EDUCATION is hardly neutral. For some teachers, learning takes place when the student questions the teacher, an indicator that a person once so dependent is coming on his or her own, making personal judgment on what is not just true or false but also right and wrong.
Applying different lenses, stakeholders take different, even adversarial views on education. The recent case involving 19 Lumad minors taken from a Lumad school located at the University of San Carlos (USC) Talamban Campus in Cebu surfaces the clash of contradictions.
Philippine National Police (PNP) Chief Gen. Debold Sinas asserts that police officers conducted a “rescue operation” of the Lumad minors and arrested seven adults in response to complaints from parents that their children were kidnapped and brought to Cebu without their consent, reported SunStar Cebu’s Wenilyn B. Sabalo, Arnold Y. Bustamante and Justin K. Vestil on Feb. 19, 2021.
In a formal statement signed by Fathers Rogelio N. Bag-ao and Narciso A. Cellan Jr., the Societas Verbi Divini Philippines Southern Province and the USC hold that “no rescue” was needed as the community quarantine implemented in Cebu in March 2020 prevented the delegates from immediately returning to Mindanao after their modular training ended in April 2020.
SVD Provincial Bag-ao and USC president Cellan said that the youths joined the Lumad Bakwit school, a program undertaken by the Archdiocese of Cebu-Commission on Social Advocacies (Cosa) and the Save our Schools (SOS) Network.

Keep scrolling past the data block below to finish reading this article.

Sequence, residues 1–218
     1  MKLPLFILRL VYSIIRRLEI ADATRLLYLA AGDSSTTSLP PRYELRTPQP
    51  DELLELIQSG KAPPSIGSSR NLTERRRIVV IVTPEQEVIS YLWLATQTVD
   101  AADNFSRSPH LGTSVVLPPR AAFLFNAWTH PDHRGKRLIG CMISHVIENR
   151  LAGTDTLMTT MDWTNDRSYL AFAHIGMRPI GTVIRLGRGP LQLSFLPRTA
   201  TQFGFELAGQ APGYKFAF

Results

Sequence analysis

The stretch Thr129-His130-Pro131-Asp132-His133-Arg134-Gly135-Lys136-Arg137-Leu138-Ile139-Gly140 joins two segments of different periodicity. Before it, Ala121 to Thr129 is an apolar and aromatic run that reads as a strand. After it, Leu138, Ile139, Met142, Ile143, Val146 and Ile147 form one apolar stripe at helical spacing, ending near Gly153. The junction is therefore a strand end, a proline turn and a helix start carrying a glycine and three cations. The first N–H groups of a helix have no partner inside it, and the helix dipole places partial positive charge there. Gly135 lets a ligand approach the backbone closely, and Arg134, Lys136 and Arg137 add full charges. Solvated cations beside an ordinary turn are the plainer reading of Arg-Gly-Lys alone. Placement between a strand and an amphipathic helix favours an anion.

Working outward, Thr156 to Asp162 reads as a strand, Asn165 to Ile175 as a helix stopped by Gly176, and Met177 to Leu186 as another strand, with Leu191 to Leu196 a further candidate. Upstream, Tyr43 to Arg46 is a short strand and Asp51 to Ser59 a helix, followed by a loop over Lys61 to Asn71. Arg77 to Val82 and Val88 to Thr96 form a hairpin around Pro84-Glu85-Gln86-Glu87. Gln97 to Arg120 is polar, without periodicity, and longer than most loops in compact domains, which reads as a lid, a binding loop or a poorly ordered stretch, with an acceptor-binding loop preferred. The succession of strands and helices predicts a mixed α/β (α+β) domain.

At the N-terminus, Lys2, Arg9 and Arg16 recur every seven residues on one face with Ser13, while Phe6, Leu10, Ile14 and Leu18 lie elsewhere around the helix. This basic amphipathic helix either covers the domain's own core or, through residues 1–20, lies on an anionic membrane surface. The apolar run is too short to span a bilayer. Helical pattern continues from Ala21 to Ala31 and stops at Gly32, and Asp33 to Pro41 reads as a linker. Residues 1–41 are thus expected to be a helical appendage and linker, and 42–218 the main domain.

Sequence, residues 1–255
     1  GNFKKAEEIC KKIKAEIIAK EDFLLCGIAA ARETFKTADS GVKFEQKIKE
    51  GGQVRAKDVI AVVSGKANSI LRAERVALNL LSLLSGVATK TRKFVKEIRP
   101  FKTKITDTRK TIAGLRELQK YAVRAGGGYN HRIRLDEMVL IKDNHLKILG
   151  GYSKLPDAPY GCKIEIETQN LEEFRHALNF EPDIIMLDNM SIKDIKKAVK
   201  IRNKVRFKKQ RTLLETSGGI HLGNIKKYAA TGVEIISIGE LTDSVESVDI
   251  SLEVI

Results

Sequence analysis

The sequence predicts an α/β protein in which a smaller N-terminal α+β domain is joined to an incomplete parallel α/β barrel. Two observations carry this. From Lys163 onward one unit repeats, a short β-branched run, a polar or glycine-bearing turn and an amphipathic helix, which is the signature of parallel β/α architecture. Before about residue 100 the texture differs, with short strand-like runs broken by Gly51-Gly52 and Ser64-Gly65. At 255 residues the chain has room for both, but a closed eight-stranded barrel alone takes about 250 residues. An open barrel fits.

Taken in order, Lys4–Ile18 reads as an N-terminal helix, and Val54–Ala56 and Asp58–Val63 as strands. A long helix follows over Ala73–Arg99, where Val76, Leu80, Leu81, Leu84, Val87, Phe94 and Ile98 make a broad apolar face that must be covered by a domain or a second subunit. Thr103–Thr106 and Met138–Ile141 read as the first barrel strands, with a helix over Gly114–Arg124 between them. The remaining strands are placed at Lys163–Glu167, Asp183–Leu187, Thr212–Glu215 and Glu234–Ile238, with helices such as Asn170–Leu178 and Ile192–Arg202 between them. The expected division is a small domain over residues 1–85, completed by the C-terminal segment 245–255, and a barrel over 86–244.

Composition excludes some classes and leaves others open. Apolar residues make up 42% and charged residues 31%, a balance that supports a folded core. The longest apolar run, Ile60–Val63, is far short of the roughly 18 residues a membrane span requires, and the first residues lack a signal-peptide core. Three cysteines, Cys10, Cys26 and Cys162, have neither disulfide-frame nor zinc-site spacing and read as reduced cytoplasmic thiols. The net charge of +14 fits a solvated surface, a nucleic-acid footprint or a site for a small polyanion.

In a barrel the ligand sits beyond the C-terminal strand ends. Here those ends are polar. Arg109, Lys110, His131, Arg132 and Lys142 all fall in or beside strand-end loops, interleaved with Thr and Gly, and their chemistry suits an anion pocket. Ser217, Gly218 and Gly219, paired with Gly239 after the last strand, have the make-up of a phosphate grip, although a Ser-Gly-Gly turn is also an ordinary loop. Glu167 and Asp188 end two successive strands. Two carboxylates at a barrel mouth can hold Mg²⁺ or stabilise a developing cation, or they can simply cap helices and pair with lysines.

“Lumad” was adopted by 15 of more than 18 indigenous cultural communities (ICC) in Mindanao during the Cotobato Congress in 1986 and officially accepted to distinguish the ICC from the Bangsa Moro during the Cory Aquino administration, according to the National Commission for Culture and the Arts.
The Bisayan term that means people “of the earth” has come to include other ICCs in the nation.
Disputations whether what took place on Feb. 15 was a “rescue operation” or a “warrantless raid” alarm educators who view the PNP operations as setting a pattern of open and aggressive interference in educational institutions, following the unilateral abrogation of the 1989 Soto-Enrile Accord, which prevents agents of the Department of National Defense (DND) from entering any campus of the University of the Philippines (UP) System without permission from university authorities.
Defense Secretary Delfin Lorenzana abrogated the decades-old UP-DND agreement on Jan. 15, claiming that UP students are being recruited by leftist organizations for armed struggle against the government. Similar “anti-government” and “red-tagging” allegations are made against the Lumad Bakwit schools, whose Lumad students and volunteer-teachers are not just “on the run” from the armed conflict and militarization in Mindanao but also are hounded by accusations of destabilizing the government.
Last Feb. 17, the PNP Anti-Kidnapping Group filed online charges of kidnapping, serious illegal detention and qualified trafficking against persons against the Bakwit School teachers, adult Bakwit students and Bakwit elders.
Public or private, universities are spheres for learning, dialogue, and engagement with the communities, particularly the marginalized. Physically and socially dislocated by armed conflict, militarization, ancestral land-grabbing by mining and other corporate interests, communities on the peripheries, such as the Lumad, need civil society to step into the vacuum of government services, such as education.
After the Department of Education shut down 55 Lumad schools in Davao in July 2019, the Cebu Archdiocese Cosa, nongovernment SOS Network, USC, UP Cebu and other academic institutions undertook the Lumad Bakwit School program.
Why is the government subjecting educational stakeholders to an inquisition for serving the displaced, the exploited, the silenced?